Thursday 3 October 2013

Dieppe...a trip too far? 9-13th September 2013

by Brett 

‘Let’s go to Dieppe.’  Oh how we all thought that would be a great idea and to be fair it had all the makings of an entertaining trip.

5 days on Our W with Dave and Sylvie to entertain us, diving some great wrecks from the War Eras and possibly sampling the local produce.

Unfortunately a couple of people had to drop out so we were a bit light on the boat but as we loaded in Eastbourne the mood was bright, although the weather didn’t seem to agree.  There were some scheduling problems with the traffic which meant that half the group turned up late but we eventually got into the lock and waved to the seal on our way across the channel.

The weather could have been better and after a couple of hours of dipping, yawing and banging into the next waves everyone was feeling a trifle bruised.  Lars and I grabbed a bunk each and everyone else wedged themselves into whatever position was best for them and offered a chance to get some shut eye.

We finally arrived at the site of the Braga mid-channel and although we were rolling a bit it wasn’t going to stop us taking the plunge.  Once we were down on the wreck viz was actually pretty good, about 6-8 metres and absolutely swarming with fish although there were also a lot of large trawling nets which got in the way a bit.  The wreck was a good size though but at 36 metres we weren’t sticking around for too long and headed up.  There we had a nice surprise as the weather had eased, sea had flattened and from there to Dieppe we had a fairly decent ride in.

The view though, coming into the port gave you some idea of what the Canadian troops must have been facing when they attacked on 19th August 1942.  Sheer cliffs as far as you could see and they must have felt like they were on a firing range, scary.

We moored and found our accommodation which was two really nice apartments and then decided to grab something quick to eat and then get some kip so we’d be up for the morning.

Up at 0630 and breakfast on the go so we could be at the boat for 0730 and off.  However, at about 0700 Lee got a call from the boat that the weather was kicking up and we’d have to hold off for the morning and see how it went, in the end that meant we lost the day but considering the conditions it was a good choice.

So once we were all up again we decided on a stroll around Dieppe, visiting the seafront, Canada Square and the castle before heading down to the harbour for lunch and a conflab with the boat to see what the plan was for the next day.

We eventually ate, although we had to split up and decided that a nice home cooked evening meal might be a good plan that evening.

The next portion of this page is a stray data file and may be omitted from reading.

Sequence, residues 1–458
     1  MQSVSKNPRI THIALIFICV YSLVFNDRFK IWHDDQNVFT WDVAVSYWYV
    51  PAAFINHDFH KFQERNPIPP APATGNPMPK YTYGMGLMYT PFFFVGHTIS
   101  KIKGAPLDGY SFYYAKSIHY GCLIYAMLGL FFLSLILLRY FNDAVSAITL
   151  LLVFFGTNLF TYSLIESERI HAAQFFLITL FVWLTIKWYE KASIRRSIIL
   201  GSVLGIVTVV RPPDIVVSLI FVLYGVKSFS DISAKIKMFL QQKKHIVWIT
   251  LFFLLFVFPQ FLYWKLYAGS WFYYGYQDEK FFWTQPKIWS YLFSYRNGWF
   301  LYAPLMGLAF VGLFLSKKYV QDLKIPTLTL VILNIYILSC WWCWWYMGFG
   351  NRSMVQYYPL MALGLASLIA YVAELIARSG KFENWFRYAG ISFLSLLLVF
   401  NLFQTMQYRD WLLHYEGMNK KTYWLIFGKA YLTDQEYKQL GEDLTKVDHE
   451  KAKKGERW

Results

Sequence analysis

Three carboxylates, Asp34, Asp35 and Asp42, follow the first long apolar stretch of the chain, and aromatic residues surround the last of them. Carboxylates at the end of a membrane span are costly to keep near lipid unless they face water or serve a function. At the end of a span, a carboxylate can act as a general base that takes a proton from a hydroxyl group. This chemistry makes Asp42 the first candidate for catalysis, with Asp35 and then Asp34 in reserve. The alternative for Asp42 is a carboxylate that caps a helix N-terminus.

After some shopping and a bit of telly we settled in for a meat feast with some great plum tomatoes, decent wine and beer and an evening of sea stories.

Unfortunately this ended up going the same way as Tuesday as the weather did not want to play and so we were left to our own devices again.  These ranged from the tourist train around the town with comedy transaltion by Ross and Lee to sitting in various cafes, bars and restaurant and generally taking it easy while still wishing we were diving.

Lars did make a very nice stew though and we followed that by watching Bullitt which rounded the day off nicely.

We had decided after looking at the weather for Friday that it actually made more sense to travel cross-channel on Thursday than leave it to Friday and possibly have a worse trip.

So after loading all our bags back on the boat we headed out to the Chateaux Margaux, a French ocean liner that went down in 1889.  We’d been told a lot about this by the owner of one of the harbour restaurants as he claimed to be the one to have discovered it and we had big expectations. 

It was a bit deeper at 42 metres but we hoped that the wreck and the viz would make the short er bottom time worthwhile and it did.  The wreck sits on heavy coarse sand which meant that the water was quite clear and the wreck itself was impressive.  There were at least half a dozen complete portholes, with glass cracked but still visible and it was actually a really nice thing to see. 

Again lots of life on it but the nets were also in residence so a little caution was needed. After all racking up some deco we surfaced and headed across the shipping lane with the Alaunia as the next wreck.  Although some of us had done that a month or so ago it was still a nice wreck to dive and the visibility, whilst not as good as the Margaux was still fairly good.

With some people staying in Eastbourne  overnight and some travelling back home and coming down in the morning we loaded back up for the final day for a wreck called the Nyon which no one had dived before.  We got told that you could get 40 metres on it but you had to look for it and we weren’t that bothered so decided to potter around and see what was about. 

The viz was reasonable again, around 6 metres and although very dark, once the torch was on all was good.  Masses of life again and some great bits of structure made the whole thing very atmospheric. 

Then we spotted a very large lobster and after quite a bit of wiggling to get closer to it also spotted that we’d got to 42 metres! and actually needed to think about heading up.  A bit of deco to do but everyone was soon back on the boat and we started heading back towards Eastbourne for a drift and home.
All told, it could have been better but  by the same token it could have been worse and we did some great dives, ate well and everyone came home safe so a good trip and definitely something to think about doing again.

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